Since these circumstances need to be shown to be the reason why a student did not pass the class, the student should normally be able to demonstrate that he or she was attending regularly and making good academic progress in the class until the intervening event occurred and the student should be able to show that the event took place after the withdrawal date.
Unforeseeability and course completion
Difficulties that arise before the end of the course can hardly be considered “unforeseeable” if a student stays enrolled for most of the course and continues to take quizzes, tests, etc. Students who encounter difficulties should petition for a late withdrawal as soon as these problems become clear to them. Late or retroactive withdrawals are not intended to substitute for a students need to make appropriate decisions at the time. For that reason, if a student has attempted the final exam or final class assignments, then it would be extremely unlikely that a case could be made that the difficulties were unforeseeable and therefore that a retroactive withdrawal would be granted.
The unforeseeability criterion and recurring or chronic difficulties
Some chronic illnesses such as diabetes or depression or some serious and recurring family obligations or financial circumstances can present severe impediments to a student’s success. During the first semester in which a student finds him- or herself confronted with these circumstances and is trying to learn to cope with them, it may happen that the drop date has passed and a late withdrawal is necessary before the student has become completely aware of what is happening and what effect this will have on the student’s classes. However, after that first semester the student’s decision to enroll and stay enrolled in classes will be respected regardless of the outcome. Students in these circumstances will not be allowed a late withdrawal if it turns out that these were not good decisions. Late withdrawals for classes in those semesters are not acceptable substitutes for careful and realistic planning with the help of trained professionals.
In these circumstances, it is extremely important for students to take advantage of the support opportunities available through the Office of Student Development Services and the Office of Student Disability Services at the University of Memphis. The trained and dedicated professionals in these offices can assist the student in academic planning and decision-making and help avoid the need for late withdrawals. If something unexpected happens after the official withdrawal deadline, the student’s case will be significantly strengthened if the student is already working with a professional counselor in one of these office who can confirm that the event was indeed unforeseeable and that the student has been doing everything he or she could to work through his or her difficulties and fulfill his or her academic responsibilities within the normal procedures and deadlines.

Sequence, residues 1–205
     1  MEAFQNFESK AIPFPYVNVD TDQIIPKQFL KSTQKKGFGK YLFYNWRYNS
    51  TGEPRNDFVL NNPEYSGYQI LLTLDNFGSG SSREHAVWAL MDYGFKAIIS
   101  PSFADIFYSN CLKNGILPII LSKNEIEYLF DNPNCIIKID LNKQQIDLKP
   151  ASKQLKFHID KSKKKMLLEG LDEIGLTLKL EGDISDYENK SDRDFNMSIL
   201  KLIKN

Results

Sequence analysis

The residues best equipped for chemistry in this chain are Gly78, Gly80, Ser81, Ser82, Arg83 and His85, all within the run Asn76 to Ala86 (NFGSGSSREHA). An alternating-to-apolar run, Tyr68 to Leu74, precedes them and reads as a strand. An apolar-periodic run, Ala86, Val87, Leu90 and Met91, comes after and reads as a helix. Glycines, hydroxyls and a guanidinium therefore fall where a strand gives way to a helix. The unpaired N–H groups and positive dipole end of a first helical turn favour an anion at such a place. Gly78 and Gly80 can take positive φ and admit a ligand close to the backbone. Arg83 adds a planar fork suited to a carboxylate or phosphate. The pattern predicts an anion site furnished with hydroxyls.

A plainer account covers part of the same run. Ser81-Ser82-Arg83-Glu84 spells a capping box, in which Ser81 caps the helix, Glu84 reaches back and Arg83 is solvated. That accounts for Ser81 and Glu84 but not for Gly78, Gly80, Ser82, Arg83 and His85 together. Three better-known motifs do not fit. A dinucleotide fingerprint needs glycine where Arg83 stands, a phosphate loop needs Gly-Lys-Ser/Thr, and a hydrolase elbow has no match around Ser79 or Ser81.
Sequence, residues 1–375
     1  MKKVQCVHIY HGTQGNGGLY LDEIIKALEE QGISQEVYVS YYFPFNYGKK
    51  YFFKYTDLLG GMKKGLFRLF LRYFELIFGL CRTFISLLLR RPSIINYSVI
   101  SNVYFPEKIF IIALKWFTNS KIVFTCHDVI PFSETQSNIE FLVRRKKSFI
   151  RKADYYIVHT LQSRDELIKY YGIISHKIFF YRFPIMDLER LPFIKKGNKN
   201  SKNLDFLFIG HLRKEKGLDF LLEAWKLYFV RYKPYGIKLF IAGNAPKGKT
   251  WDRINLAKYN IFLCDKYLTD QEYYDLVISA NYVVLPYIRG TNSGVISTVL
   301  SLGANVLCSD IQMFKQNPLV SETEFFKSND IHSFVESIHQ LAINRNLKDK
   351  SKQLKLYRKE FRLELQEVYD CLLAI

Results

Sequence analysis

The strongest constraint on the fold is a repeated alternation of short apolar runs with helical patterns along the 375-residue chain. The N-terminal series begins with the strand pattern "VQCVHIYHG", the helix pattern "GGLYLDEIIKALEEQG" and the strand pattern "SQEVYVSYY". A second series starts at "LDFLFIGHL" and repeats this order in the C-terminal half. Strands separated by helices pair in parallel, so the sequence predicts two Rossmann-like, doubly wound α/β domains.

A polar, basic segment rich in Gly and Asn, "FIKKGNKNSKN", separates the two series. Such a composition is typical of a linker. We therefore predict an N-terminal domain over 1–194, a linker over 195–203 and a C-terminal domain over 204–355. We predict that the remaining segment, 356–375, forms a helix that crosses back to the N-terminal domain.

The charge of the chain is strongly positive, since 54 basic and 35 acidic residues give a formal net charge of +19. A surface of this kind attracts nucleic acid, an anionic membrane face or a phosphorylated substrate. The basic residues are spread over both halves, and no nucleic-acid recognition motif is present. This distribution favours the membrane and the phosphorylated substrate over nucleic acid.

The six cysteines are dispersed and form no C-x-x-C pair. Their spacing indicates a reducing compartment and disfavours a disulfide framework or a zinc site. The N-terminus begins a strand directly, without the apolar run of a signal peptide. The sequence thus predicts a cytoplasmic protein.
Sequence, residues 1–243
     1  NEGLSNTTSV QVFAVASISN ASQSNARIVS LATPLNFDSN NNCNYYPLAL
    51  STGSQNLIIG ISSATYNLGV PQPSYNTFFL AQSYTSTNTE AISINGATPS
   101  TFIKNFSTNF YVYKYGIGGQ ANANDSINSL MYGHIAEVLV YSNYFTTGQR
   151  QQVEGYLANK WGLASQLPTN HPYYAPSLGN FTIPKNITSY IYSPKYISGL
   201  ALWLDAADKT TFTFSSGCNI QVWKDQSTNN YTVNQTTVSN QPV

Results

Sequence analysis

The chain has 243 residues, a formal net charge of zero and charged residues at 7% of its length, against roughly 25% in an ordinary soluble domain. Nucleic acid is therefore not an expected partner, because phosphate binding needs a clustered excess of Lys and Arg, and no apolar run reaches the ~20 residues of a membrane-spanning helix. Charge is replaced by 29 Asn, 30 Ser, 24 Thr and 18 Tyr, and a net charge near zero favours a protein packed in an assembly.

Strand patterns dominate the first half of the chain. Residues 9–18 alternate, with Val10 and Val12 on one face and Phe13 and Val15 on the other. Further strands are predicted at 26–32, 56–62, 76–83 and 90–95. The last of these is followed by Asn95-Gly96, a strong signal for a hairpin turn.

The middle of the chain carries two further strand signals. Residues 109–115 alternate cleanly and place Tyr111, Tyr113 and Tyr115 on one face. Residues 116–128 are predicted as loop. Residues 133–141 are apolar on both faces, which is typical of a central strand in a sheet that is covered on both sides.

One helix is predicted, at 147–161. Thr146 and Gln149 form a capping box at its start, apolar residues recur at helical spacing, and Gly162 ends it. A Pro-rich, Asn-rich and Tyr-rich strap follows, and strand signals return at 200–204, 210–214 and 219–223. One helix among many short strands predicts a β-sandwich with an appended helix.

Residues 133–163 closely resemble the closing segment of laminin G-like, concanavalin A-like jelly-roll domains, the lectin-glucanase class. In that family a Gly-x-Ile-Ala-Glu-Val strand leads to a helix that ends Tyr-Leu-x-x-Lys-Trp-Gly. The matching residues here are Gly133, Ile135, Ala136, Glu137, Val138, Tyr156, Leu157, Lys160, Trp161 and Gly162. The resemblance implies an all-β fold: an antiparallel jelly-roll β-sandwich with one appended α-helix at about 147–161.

What counts as “severe”?
The policy explicitly cites “serious” personal illness and uses job relocation and not just a change in employment circumstances as extenuating circumstances. Anything severe enough to warrant a late withdrawal should normally be so severe as to be a complete hindrance to completing the semester at all. Several weeks of hospitalization following a car accident would count. Having the flu for a week would not.
Whatever would be severe enough to count as severe should normally prevent the student from completing any of his or her classes. That is why it is important for a student to petition for a withdrawal as soon as it becomes clear what has happened and not wait until grades have been awarded. If a student keeps going to some classes and taking exams, then this is in itself an indication that the student did not consider it severe enough to withdraw until the grade in the class became apparent. There may be circumstances where a withdrawal would still be permitted, but this would certainly weaken the case for the severity of the event.
This also means that whatever is severe enough to justify a late withdrawal in any class should normally prevent students from continuing their studies at all and should normally affect all of a student’s classes. Hence it will be unusual for a petition for a withdrawal for a single class or for only some of the classes, but not others, to be successful. Under some circumstances, this may be justified. For instance if a student sustains a physical injury, that student would be allowed to withdraw from the physical activities classes without being forced to drop other academic classes. If a student misses the entire month of November due to illness and was doing well in all of her classes until then, there might be a case where the student could be allowed to continue the classes where most of the work consisted in reading outside of class that the student was able to complete at home while withdrawing from all of the workshop classes where regular attendance was essential for success in the class. In any case, requests for anything other than a withdrawal from all classes must contain additional clear documentation of the reasons why the event affected the one class or the one group of classes differently from the others.